Sylvia Straub knows a lot about physical therapy – she has had two knee replacements. Her first knee replacement did not go very well and by the time she got to KORT Crestwood Physical Therapy for outpatient therapy she was…
Lori Childs' feet hurt. Plantar Fasciitis and Achilles Tendinitis were cramping the active lifestyle she enjoyed. Achy feet greeted her each morning and stayed with her throughout each day. From sunup to sundown, she began…
Austin Carr, freshman and starting quarterback for Christian Academy of Louisville, suffered a concussion during the first half of his final regular season football game. Austin and Coach Stefan LeFors talk about how…
Kevin Harrub chose to come to KORT Elizabethtown after suffering a severe shoulder injury he acquired during a lawn mowing accident. Kevin underwent extensive surgery for his injury and suffered from muscle atrophy and…
A shoulder injury threatened JIM DAVIS's ability to work as a professional glass and mirror installer. The demands of his job, such as lifting large panes of glass often 60 pounds or more, required that his shoulders be in…
Are you an athlete interested in enhancing your balance, agility, strength, and flexibility in order to increase your overall performance? Listen as athlete Blake Roth patient at Louisville KORT OBC shares how he is in…
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Vestibular dysfunction can take away independence and safety by
affecting your equilibrium and sense of balance. Symptoms include
exaggerated sense of motion, lack of coordinated movement, dizziness,
vertigo, nausea and vomiting, difficulty with walking, motion sickness,
blurred vision with head movement, an inability to visually concentrate
and/or sensitivity to busy environments.
Common vestibular conditions include: Benign Paroxysmal
Positional Vertigo (BPPV), Meniere's, Unilateral/Bilateral vestibular
weakness or Vestibulopathy, Vestibular neuritis, Labyrinthitis, and Mal
de Barquement Syndrome (MdDS) (sensation of movement that lasts more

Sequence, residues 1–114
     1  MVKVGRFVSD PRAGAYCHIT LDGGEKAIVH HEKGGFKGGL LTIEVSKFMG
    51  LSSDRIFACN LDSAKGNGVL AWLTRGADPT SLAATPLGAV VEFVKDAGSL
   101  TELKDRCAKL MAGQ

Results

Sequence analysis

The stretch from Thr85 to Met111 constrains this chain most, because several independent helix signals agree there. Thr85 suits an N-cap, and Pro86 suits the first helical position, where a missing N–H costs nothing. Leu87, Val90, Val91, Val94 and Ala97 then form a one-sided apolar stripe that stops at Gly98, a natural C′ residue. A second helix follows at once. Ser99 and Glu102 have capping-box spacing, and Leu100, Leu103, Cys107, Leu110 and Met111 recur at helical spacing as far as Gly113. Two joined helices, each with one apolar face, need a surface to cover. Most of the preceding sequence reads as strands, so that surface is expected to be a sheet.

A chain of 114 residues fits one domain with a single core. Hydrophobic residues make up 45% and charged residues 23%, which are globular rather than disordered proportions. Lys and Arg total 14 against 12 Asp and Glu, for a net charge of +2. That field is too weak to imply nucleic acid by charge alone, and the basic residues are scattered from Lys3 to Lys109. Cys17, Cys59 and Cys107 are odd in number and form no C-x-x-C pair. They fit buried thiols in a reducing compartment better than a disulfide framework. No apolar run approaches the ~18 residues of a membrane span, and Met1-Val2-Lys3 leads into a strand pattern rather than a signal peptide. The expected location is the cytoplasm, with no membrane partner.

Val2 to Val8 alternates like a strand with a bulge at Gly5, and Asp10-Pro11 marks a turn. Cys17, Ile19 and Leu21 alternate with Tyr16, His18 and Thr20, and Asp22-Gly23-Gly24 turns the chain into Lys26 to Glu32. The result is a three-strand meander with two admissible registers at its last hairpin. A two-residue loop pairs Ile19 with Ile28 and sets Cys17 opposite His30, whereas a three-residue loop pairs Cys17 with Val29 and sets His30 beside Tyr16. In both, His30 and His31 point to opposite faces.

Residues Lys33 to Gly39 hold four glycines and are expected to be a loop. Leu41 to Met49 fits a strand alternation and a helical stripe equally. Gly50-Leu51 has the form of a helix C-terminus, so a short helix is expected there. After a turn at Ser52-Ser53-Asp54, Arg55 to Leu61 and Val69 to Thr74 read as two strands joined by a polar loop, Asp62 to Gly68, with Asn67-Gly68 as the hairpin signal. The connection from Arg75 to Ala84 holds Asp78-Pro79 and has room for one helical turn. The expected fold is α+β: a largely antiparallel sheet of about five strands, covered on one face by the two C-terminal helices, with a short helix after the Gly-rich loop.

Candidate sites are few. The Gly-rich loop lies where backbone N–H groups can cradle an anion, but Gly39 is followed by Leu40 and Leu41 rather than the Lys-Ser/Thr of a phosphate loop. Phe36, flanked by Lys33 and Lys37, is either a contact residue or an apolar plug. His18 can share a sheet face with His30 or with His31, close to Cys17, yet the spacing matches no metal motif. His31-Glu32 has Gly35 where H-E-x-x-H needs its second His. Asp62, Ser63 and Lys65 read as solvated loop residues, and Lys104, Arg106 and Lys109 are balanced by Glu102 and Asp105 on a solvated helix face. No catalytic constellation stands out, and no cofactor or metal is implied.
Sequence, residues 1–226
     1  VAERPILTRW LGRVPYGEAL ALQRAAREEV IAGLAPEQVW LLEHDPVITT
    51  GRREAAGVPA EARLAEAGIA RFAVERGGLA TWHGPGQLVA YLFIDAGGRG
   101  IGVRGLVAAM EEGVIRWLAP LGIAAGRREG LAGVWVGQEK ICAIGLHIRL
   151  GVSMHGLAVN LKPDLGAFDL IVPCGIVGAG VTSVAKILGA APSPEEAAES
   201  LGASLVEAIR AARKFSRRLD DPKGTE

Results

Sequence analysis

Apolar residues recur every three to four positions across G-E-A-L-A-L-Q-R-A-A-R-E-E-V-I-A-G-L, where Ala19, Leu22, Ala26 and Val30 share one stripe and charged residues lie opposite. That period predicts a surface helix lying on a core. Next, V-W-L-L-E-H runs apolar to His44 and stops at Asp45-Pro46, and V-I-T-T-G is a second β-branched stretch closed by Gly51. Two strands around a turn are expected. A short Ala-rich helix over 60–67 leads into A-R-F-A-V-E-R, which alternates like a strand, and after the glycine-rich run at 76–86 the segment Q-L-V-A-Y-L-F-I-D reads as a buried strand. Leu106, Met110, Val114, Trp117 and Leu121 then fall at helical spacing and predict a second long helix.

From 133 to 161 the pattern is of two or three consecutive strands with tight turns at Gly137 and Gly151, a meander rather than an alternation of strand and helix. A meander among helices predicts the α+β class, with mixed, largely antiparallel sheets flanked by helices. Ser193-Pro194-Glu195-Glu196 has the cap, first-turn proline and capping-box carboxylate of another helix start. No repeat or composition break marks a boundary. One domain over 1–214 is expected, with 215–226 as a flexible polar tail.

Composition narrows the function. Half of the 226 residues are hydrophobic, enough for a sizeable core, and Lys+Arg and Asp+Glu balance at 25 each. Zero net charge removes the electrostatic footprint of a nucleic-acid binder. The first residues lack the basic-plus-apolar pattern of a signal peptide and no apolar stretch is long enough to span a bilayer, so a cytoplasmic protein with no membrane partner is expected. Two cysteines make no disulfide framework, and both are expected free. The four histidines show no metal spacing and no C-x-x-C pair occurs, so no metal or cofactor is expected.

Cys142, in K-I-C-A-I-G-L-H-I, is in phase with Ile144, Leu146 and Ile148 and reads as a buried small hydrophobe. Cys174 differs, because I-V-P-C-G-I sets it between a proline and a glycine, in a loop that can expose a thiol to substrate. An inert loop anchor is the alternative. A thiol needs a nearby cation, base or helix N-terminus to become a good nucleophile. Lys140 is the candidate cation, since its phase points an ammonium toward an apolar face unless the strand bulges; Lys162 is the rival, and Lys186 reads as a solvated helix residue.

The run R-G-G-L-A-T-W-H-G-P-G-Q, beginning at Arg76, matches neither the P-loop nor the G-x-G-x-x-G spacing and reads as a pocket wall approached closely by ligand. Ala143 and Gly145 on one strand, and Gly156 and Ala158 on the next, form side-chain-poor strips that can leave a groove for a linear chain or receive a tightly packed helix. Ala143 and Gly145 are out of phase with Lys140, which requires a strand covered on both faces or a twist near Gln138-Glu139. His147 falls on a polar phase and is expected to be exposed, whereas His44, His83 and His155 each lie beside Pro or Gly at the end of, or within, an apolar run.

than a few days that is common after cruises and airplane travel).
Benign paroxysmal positional vertigo (BPPV) is one of the most
common causes of vertigo and can be characterized by the sudden
sensation that you're spinning or that your head is spinning inside.
BPPV often is described as brief episodes of dizziness, ranging from
mild to intense, and is often triggered by changes in the position of
your head, turning over in bed, or sitting up quickly. BPPV symptoms are
due to displaced crystals of calcium, called otoconia, that have
collected within a part of the inner ear. Head movements cause the
displaced otoconia to shift, sending false signals to the brain.
About 20% of all dizziness is due to BPPV. In older people, about
50% of the time their dizziness is due to BPPV. Treatment for BPPV can
be successful within just a few visits. Specific body and head movements
can be performed to move the crystals out of the canal.
Vestibular Rehabilitation (VRT) is an exercise-based group of
approaches designed to decrease dizziness, improve ability to stabilize
vision, and retrain aspects of postural control due to vestibular
dysfunction. Our vestibular specialists are trained in a variety of
maneuvers and methods to treat vestibular dysfunction, including the
Epley maneuver, Canalith repositioning, Brandt-Daroff, Semont's
liberatory maneuver, and many others.
KORT has more than two dozen locations with physical therapists that
have completed vestibular rehabilitation training by The American
Institute of Balance (AIB).
If you'd like to learn more about balance disorders, their causes,
and effective treatment strategies, the National Institutes of Health
website has useful information about Balance Disorders.